And personally I think a machine that isn’t using Windows Update and thus hasn’t 3.1 on it isn’t a machine I’d want to deploy my software on because a machine not running Windows update is probably badly compromised and in an unsupportable state.

  2. EXE-Stub to check prerequisites: Once more I don’t get why the underlying platform cannot provide functionality that is obviously needed by the community. Prerequisites are a fact for life and MSI does nothing to help that. MSI packages can’t be used to install other MSI packages but Merge Modules, but barely any libraries required by todays applications actually come in MSM format (.NET framework? Anyone?).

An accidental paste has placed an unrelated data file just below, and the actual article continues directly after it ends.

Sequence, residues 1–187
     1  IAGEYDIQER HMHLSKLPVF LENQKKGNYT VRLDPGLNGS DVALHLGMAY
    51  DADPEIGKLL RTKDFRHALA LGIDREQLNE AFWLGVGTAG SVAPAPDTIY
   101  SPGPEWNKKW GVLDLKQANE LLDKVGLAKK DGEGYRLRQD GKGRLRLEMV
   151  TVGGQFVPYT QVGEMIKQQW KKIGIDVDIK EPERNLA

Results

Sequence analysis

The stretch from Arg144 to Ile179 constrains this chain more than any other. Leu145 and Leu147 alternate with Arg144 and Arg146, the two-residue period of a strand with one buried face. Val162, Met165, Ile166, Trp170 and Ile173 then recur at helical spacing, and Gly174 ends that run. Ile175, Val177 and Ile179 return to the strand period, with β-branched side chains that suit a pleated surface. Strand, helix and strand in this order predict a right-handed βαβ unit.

In response to the excellent post on Legalize Adulthood which gives an example about DirectX, I counter with: Why is there a DirectX Setup API? Why are there separate CAB files? Isn’t MSI supposed to handle that? Why do I have to create a setup stub calling a third-party API to get stuff installed that isn’t installed in the default MSI installation?.

    An useful package solution would provide a way to specify dependencies or at least allow for automated installation of dependencies from the original package.

    It’s ironic that an MSI package can – even though it’s dirty – use a CustomAction to install a traditionally packaged .EXE-Installer-Dependency, but can’t install a .MSI packaged dependency.

    So my problem isn’t with bootstrappers as such, but with the limitations in MSI itself requiring us developers to create bootstrappers to do work which IMHO MSI should be able to do.